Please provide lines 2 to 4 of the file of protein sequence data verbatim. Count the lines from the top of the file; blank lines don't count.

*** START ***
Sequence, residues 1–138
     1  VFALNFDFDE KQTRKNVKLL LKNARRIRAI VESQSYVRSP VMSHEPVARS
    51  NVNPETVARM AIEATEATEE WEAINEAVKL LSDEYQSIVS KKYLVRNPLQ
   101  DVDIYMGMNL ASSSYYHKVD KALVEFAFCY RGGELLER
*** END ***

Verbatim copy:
     1  VFALNFDFDE KQTRKNVKLL LKNARRIRAI VESQSYVRSP VMSHEPVARS
    51  NVNPETVARM AIEATEATEE WEAINEAVKL LSDEYQSIVS KKYLVRNPLQ
   101  DVDIYMGMNL ASSSYYHKVD KALVEFAFCY RGGELLER